Katie’s own history is remarkably interesting, but one of the things which I enjoyed hearing about most about was when work sent her to Dublin for a number of months. The way she spoke about the Irish people and culture made me realise just how similar it is to Australia on every level – it made me want to hop continents yet again and go to check it out. She also shares the same passion for independent travel as I do. It was refreshing to hear observations like “you learn so much about yourself” and “it’s never lonely” from someone else – it convinced me that I wasn’t crazy.

Katie was more than happy to take the mandatory photo of me outside the campus entrance.


We began walking through the main pathways of the campus, and the blaring contradiction of this place began to poke its head: it’s so lax, and yet, so productive.

But I don’t think that’s a contradiction. I think it’s just something which too many workplaces are failing to realise.

The facilities made available to the staff here blew my mind. The multicoloured umbrellas and bikes were just the start of it.

It had beach volleyball.


Gyms and pools.


Indoor slides and sleeping pods.


How one finishes work here, I don’t know. But they sure do a damn good job. It almost seems unfair. But no, Google have earned it. “Celebrate success the right way”, as the great DJ Khaled himself would say.

One of the most exciting bits of the tour was walking through the dozen or so restaurants and cafeterias, all with extensive menus without prices (and a kid on a gap year never says no to a free meal). So before I knew it, my Google headquarters tour had turned into a culinary tour of the world. The first stop was the food carts – street vendors had been contracted to come onto the campus and give away as much food as the employees so desired. I picked up a cheese steak – an embarrassment in comparison to Katie’s salad. But of course, we weren’t done. A second meal was in order.

Welcome to the main dining hall.


On that stage is where Larry Page and Sergey Brin, the founders of Google, speak to the staff every Thursday. Apparently last week they had spoken about their take on the election results and what it means for the company.

Katie was eager to take me to the park where they have all of the Android operating system logos – everything from Android Alpha to Android Nougat.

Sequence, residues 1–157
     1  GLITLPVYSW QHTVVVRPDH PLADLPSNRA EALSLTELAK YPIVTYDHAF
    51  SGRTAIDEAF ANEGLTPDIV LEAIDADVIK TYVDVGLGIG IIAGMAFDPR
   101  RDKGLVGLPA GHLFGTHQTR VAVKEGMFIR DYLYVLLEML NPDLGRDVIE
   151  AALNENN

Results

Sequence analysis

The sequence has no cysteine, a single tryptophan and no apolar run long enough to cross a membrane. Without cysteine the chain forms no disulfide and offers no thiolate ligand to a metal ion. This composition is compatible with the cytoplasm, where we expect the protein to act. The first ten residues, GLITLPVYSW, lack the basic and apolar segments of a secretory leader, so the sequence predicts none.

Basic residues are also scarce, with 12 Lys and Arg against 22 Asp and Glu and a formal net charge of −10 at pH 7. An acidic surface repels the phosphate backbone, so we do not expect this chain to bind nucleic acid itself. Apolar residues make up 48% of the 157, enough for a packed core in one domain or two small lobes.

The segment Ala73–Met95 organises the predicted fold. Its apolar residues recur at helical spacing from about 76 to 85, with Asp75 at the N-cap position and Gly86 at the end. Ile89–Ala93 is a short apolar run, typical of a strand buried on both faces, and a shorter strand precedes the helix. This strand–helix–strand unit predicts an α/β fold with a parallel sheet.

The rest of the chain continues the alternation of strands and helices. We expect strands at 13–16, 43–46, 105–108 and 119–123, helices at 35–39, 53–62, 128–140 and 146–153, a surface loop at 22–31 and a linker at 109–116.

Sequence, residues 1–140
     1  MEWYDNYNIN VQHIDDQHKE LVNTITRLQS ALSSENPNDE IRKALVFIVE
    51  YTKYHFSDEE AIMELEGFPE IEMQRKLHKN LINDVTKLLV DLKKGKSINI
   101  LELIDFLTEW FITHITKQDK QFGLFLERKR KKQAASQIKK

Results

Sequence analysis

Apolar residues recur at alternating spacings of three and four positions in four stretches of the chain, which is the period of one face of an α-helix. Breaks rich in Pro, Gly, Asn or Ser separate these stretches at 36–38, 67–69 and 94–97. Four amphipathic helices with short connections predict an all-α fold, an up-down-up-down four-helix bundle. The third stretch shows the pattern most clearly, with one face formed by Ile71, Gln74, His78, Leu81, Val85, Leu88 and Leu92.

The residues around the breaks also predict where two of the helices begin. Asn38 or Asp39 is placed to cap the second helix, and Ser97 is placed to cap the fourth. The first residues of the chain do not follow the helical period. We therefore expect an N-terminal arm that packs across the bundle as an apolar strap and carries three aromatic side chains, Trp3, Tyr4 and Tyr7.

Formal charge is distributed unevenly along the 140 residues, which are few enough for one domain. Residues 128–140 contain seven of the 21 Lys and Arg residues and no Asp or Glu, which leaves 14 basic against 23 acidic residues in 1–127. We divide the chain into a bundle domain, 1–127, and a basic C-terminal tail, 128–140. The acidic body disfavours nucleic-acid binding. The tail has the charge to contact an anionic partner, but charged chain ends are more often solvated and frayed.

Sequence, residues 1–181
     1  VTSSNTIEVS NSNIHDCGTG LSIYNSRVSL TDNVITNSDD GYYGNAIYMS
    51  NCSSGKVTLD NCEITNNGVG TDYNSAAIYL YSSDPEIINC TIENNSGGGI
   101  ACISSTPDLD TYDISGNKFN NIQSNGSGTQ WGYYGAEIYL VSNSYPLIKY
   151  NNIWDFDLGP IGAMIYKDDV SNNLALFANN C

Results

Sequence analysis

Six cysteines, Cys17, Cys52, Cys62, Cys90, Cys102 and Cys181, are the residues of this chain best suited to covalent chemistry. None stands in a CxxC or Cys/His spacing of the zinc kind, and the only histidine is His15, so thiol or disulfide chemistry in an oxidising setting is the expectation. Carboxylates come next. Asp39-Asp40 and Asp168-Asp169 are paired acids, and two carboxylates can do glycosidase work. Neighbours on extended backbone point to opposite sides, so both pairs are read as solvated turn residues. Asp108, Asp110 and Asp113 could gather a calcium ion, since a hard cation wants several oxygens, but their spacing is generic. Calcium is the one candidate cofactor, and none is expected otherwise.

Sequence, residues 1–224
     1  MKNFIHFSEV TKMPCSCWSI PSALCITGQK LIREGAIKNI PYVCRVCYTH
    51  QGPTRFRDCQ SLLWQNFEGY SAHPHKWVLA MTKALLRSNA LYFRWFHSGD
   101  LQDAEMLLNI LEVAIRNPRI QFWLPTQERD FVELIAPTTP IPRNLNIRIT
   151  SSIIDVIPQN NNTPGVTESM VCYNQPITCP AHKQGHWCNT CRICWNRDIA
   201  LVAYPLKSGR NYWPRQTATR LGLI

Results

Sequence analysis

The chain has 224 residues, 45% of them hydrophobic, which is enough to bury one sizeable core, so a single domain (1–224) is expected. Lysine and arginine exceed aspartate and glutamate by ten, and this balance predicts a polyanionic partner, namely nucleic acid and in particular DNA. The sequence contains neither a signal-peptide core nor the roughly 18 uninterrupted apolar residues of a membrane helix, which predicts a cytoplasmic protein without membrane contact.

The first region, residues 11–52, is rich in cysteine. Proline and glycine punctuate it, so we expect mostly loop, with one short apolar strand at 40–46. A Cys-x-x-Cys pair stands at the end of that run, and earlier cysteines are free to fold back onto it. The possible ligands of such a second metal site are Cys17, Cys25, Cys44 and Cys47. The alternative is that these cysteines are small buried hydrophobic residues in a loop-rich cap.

It’s always good to be shown around by someone who’s so clearly very passionate about what they do. While Katie loves recruiting, it was evident that what gets her going is the company more than the field. She spoke very highly of all the different paths she can see herself taking, and all of them lay within Google. It says something good about a company if they can hold good employees like her with such ease.

For now, though, Katie kindly channeled her effort into taking my pictures!


I made sure to get a photo in front of my favourite Android – Ice Cream Sandwich.


I was eager to make sure that Katie and I had a very in-depth chat about Google and its position in the technology market currently. I was particularly interested in Google’s attitude towards China. The Chinese government blocking their services and tampering with stock Android on all Android smartphones could hardly be taken nicely by the company, but at the same time, hostility would block out any opportunity to tap in to the world’s biggest market. I wanted to know the basics of Google’s strategy when approaching an economy like this one, especially given a possible role that I see for myself in the future of bridging that divide in whatever field that may be. One of my other fascinations with Google revolves around their brand image and maintaining users who trust their integrity whilst also being a company whose main stream of revenue is AdWords. As a company who’s unofficial slogan is “Don’t be evil”, or as it’s written in their parent company Alphabet Inc.’s Code of Conduct, “Do the right thing”, I wondered how that translated to the unbiased operation of arguably the most influential media platform in the world –

Katie answered the questions which she could and promised to get back to me with any unanswered questions over email. She was very knowledgable and intelligent, and I’ve no doubt that we’ll stay in touch. If only she recruited from Australian universities too…

Katie very kindly dropped me off on Castro Street in the centre of Mountain View where I was able to have a stroll and properly check out what the street had to offer. My favourite shop was ‘Rocket Fizz’, a store selling classic American candy, sodas and posters.


I was very close to buying this tin sign for my room, but I held off and promised myself that I’d find it when I’m back in Sydney.


What I did buy, though, was a peanut chocolate bar.


I took a walk around the City Library and City Hall, appreciating the huge amount of greenery in what is a global technology centre.


And then, the shuttle home.


I arrived back at the AirBnB planning to dump some of my Google goodies which I bought at the gift shop before heading out to Palo Alto and Stanford for a look around, but the second I sat on my bed, I didn’t get up again for another three hours.